WEDNESDAY, May 20, 2020 (HealthDay News) — The number of births and general fertility rate decreased from 2018 to 2019, according to a May Vital Statistics Rapid Release report, a publication from the U.S. Centers for Disease Control and Prevention.
Brady E. Hamilton, Ph.D., from the National Center for Health Statistics in Hyattsville, Maryland, and colleagues present provisional data on U.S. births for 2019 based on 99.96 percent of births. Comparisons were made with data from 2018 and earlier years.
The researchers found that the provisional number of births was down 1 percent from 2018 to 2019, reaching 3,745,540. The general fertility rate for women aged 15 to 44 years was 58.2 births per 1,000 women, down 2 percent from 2018 to a record low. In 2019, the total fertility rate was 1,705.0 births per 1,000 women, down 1 percent from 2018 to another record low. For nearly all age groups of women younger than 35 years, birth rates declined, while there was an increase for women in their early 40s. For women aged 35 to 39 years, the rate was essentially unchanged in 2019. For teenagers aged 15 to 19 years, the birth rate declined by 5 percent in 2019 to 16.6 births per 1,000 females; decreases were seen for younger and older teenagers.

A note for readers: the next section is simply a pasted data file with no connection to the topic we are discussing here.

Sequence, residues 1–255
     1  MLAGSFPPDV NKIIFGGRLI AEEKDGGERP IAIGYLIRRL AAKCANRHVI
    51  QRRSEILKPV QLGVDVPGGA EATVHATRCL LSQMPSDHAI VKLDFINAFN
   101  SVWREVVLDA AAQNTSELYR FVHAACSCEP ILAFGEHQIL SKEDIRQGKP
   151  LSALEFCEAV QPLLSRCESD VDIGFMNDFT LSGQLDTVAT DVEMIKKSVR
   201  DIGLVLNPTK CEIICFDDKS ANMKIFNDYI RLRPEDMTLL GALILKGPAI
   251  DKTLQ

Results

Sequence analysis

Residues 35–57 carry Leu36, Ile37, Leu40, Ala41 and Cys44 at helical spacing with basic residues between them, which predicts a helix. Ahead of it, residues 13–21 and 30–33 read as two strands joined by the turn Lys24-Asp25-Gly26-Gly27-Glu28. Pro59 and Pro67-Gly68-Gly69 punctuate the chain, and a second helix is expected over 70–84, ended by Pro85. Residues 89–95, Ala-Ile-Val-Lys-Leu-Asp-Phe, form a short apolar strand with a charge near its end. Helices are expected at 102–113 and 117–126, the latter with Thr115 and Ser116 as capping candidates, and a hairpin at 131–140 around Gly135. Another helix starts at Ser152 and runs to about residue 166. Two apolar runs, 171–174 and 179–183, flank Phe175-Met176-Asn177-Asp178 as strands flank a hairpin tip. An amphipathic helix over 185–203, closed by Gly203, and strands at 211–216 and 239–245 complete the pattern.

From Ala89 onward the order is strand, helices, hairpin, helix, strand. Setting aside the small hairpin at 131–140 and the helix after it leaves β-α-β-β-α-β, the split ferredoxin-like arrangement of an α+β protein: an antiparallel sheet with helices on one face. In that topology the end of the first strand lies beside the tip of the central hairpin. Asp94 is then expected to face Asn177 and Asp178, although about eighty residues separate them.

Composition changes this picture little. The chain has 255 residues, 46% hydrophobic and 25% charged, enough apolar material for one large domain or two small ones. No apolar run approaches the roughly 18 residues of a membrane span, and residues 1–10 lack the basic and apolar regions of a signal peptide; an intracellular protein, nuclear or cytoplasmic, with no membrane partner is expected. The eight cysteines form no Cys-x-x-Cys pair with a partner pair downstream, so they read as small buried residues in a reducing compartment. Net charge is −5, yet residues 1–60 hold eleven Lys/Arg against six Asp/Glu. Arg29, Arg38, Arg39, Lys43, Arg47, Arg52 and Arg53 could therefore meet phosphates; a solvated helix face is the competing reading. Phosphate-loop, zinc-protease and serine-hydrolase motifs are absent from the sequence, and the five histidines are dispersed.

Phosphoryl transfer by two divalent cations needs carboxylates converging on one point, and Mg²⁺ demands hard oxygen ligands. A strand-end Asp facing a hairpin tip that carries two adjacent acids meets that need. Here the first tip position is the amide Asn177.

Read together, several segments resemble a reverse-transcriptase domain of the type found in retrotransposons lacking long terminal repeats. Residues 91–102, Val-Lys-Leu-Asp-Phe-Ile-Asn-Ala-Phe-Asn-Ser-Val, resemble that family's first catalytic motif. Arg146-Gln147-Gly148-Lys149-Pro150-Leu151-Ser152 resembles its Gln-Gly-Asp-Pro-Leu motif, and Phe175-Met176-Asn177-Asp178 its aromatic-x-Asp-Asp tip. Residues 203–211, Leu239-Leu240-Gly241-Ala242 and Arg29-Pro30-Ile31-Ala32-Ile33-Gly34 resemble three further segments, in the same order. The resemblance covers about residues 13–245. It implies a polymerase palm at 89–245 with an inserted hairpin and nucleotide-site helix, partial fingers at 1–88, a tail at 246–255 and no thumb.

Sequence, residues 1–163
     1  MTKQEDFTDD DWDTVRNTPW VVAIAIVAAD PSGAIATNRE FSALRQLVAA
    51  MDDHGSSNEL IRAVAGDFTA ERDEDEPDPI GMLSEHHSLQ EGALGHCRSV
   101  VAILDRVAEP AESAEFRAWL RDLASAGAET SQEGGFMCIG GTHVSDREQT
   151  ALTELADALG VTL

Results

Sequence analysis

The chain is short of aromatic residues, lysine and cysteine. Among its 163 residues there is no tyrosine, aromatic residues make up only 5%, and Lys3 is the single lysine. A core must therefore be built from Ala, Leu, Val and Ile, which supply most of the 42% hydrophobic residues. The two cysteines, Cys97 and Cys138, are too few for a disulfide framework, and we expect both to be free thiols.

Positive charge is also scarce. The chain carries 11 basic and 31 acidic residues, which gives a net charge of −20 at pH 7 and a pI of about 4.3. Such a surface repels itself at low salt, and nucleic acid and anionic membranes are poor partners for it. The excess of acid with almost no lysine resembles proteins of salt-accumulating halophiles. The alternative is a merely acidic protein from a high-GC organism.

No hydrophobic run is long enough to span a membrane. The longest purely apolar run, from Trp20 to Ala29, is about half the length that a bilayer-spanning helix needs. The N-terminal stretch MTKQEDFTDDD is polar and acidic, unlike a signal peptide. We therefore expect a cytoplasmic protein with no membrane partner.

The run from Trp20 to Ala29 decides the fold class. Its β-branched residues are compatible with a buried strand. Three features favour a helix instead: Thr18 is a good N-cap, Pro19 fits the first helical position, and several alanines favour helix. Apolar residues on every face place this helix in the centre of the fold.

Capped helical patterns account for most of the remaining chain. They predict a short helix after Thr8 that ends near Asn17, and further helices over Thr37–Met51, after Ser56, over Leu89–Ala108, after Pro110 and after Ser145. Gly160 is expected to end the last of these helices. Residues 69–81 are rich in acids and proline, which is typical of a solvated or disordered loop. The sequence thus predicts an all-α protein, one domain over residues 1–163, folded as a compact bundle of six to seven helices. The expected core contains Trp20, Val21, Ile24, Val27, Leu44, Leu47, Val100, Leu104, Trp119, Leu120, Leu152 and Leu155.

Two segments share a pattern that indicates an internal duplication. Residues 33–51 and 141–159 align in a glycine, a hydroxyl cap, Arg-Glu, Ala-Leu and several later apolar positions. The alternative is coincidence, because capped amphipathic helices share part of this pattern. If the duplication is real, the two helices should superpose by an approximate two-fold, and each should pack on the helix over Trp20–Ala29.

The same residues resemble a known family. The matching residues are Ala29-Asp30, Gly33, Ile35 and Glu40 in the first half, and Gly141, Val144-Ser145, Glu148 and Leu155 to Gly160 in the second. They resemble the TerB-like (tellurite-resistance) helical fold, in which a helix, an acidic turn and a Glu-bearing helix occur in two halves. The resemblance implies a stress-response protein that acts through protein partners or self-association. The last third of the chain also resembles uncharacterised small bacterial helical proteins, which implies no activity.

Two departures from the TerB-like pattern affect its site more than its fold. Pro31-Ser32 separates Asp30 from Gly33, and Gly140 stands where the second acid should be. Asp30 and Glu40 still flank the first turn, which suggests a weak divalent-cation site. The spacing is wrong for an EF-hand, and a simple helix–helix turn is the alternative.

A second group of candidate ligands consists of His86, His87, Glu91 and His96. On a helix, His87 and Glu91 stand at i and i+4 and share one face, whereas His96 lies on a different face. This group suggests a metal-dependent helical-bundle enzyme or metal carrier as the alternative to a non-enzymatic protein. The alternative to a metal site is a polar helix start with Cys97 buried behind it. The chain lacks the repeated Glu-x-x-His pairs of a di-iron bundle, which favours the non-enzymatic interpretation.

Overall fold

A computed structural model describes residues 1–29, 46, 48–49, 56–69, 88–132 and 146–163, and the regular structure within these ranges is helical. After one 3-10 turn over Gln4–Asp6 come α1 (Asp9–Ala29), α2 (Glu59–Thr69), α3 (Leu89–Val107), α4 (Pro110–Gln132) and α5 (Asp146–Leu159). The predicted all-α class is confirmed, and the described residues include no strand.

In 2019, there was a decrease in the cesarean delivery rate to 31.7 percent; the low-risk cesarean delivery rate declined to 25.6 percent. For the fifth consecutive year, the preterm birth rate increased — to 10.23 percent in 2019.
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